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Orange Juice as Dietary Source of Antioxidants for Patients With Hepatitis C Under Antiviral Therapy (NCT03026569)

This study aimed to verify whether orange juice, source of citrus flavonoids and vitamin C, may contribute to the treatment of patients with chronic hepatitis C.
  • Other: Orange juice (500 mL/d)
    The patients were instructed to drink orange juice in two daily portions during eight consecutive weeks. Patients from both groups were asked to maintain their usual lifestyle, diet, and physical activity, and they were checked weekly by the researcher's team. Assessments of anthropometric data, dietary intake, as well as blood sample collection for biochemical analysis were performed in all participants on the first and last day of the experiment.
    Ages eligible for Study
    18 Years to 60 Years
    Genders eligible for Study
    Accepts Healthy Volunteers
    Inclusion Criteria:
    • Detection of circulating HCV RNA
    • Negative HBV surface antigen
    • Negative antibodies to HIV
    Exclusion Criteria:
    • Co-infection with hepatitis B virus (HBV)
    • Co-infection with hepatitis A virus (HAV)
    • Co-infection with human immunodeficiency virus (HIV)
    • Presence of diabetes mellitus,
    • Presence of ascites
    • Elevation in serum ferritin levels
    Forty-three patients with chronic hepatitis C who were being treated with pegylated interferon combined with ribavirin, according to the Clinical Protocol and Therapeutic Guidelines for Viral Hepatitis C and Co-infections of the Brazilian Health Ministry were randomly divided into two parallel groups: (1) orange juice (n = 23), which were supplemented with orange juice (500 mL/d) for 8 weeks; (2) control group (n = 20) composed of patients that were not drinking orange juice regularly. The recruitment process began in February 2012, the intervention was carried out from May 2012 to July 2012, and the data analysis started in September 2012. The sample number took into account variances on total cholesterol with a type I error α = 0.05 and a type II error β = 0.2 (80% power) (Dourado et al., 2015). The minimum sample size should have 20 individuals per group (n = 40), considering an approximately 15% dropout rate. Primary and secondary endpoints were the reduction of total cholesterol and modification of biochemical markers, respectively. Kolmogorov Smirnov and Levene test assessed normality and homogeneity of data, respectively. Assessment of the data was performed in all participants on the first and last day of the experiment. All the parameters were compared between the juice group and the control group using General Linear Model of Repeated Measures Analysis. Differences in baseline patients' characteristics between the two groups were analyzed by One-way analysis of variance (ANOVA). The LSD signed rank post-test was used to assess significant changes in parameters after the start of treatment in each group, and the differences were considered statistically significant at p < 0.05.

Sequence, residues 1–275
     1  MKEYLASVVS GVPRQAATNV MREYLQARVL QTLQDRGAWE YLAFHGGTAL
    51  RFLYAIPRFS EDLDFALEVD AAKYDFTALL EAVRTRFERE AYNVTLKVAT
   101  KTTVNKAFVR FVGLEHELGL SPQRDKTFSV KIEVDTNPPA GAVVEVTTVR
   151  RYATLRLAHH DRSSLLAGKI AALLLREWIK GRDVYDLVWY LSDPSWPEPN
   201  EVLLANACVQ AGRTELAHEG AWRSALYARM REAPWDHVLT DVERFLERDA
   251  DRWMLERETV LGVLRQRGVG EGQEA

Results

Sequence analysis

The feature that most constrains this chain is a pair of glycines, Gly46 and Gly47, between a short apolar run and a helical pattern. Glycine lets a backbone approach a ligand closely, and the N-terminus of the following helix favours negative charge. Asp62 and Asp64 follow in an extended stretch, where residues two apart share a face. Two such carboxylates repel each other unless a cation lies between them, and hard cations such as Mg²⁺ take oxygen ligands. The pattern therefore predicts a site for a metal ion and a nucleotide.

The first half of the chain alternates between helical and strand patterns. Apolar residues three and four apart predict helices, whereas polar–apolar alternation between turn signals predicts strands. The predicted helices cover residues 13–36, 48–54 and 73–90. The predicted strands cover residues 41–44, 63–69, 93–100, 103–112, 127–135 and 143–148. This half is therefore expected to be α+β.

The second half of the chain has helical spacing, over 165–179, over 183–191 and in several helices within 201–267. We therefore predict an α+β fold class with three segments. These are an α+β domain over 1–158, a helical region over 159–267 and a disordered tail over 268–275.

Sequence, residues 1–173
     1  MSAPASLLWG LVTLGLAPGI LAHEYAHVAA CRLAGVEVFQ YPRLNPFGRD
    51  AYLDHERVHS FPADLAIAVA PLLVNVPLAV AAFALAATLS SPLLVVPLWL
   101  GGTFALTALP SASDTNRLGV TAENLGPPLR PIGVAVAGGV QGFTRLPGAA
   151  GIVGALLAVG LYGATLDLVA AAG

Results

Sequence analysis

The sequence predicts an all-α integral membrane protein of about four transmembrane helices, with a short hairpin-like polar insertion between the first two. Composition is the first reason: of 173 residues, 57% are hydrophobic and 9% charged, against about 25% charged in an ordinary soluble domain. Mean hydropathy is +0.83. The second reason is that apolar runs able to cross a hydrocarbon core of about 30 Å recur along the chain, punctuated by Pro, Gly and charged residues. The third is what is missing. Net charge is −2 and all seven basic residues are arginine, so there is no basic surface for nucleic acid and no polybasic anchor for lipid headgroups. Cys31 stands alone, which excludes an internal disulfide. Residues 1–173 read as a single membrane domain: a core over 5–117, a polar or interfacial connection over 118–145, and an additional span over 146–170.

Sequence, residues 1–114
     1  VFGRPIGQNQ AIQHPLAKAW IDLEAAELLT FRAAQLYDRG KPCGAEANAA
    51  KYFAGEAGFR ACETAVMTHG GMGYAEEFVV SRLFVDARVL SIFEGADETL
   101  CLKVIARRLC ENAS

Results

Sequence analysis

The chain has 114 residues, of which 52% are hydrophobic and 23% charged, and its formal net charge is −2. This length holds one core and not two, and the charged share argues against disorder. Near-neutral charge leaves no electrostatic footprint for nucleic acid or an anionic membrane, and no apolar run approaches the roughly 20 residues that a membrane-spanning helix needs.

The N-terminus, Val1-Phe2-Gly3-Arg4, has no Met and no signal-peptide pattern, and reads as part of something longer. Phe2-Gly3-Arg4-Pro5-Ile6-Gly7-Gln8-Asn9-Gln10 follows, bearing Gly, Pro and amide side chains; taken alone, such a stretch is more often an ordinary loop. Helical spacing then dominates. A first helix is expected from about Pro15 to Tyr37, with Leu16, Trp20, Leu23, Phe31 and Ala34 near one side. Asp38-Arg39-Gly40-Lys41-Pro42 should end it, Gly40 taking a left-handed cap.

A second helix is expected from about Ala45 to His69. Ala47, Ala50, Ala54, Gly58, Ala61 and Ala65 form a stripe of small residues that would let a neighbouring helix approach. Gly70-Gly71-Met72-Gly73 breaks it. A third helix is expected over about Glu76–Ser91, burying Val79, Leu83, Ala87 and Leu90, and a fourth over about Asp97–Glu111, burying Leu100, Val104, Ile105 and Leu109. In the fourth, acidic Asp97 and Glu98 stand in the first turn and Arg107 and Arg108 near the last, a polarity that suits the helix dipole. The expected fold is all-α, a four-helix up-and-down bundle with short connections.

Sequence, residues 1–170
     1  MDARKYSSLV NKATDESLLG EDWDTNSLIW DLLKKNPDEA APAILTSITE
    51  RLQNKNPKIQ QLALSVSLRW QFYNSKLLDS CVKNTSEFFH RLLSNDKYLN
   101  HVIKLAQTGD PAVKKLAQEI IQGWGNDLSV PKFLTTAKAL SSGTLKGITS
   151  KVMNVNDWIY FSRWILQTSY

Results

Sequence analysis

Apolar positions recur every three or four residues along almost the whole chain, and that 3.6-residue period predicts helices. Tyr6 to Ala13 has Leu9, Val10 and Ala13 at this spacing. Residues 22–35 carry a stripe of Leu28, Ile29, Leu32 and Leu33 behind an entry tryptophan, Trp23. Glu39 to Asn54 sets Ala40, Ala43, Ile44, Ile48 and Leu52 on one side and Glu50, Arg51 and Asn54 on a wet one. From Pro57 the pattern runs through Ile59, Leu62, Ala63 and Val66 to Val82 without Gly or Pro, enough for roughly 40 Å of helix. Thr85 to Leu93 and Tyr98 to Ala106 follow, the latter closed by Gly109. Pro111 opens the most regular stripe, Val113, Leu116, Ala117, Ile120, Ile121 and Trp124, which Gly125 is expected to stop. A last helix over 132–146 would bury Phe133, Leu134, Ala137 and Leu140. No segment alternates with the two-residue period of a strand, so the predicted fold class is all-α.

1 locations

    Brazil (1)
    • Sao Paulo State University "Julio de Mesquita Filho"
      Not specified
      Araraquara, Sao Paulo, Brazil, 14800-903
    30 April, 2012
    19 January, 2017
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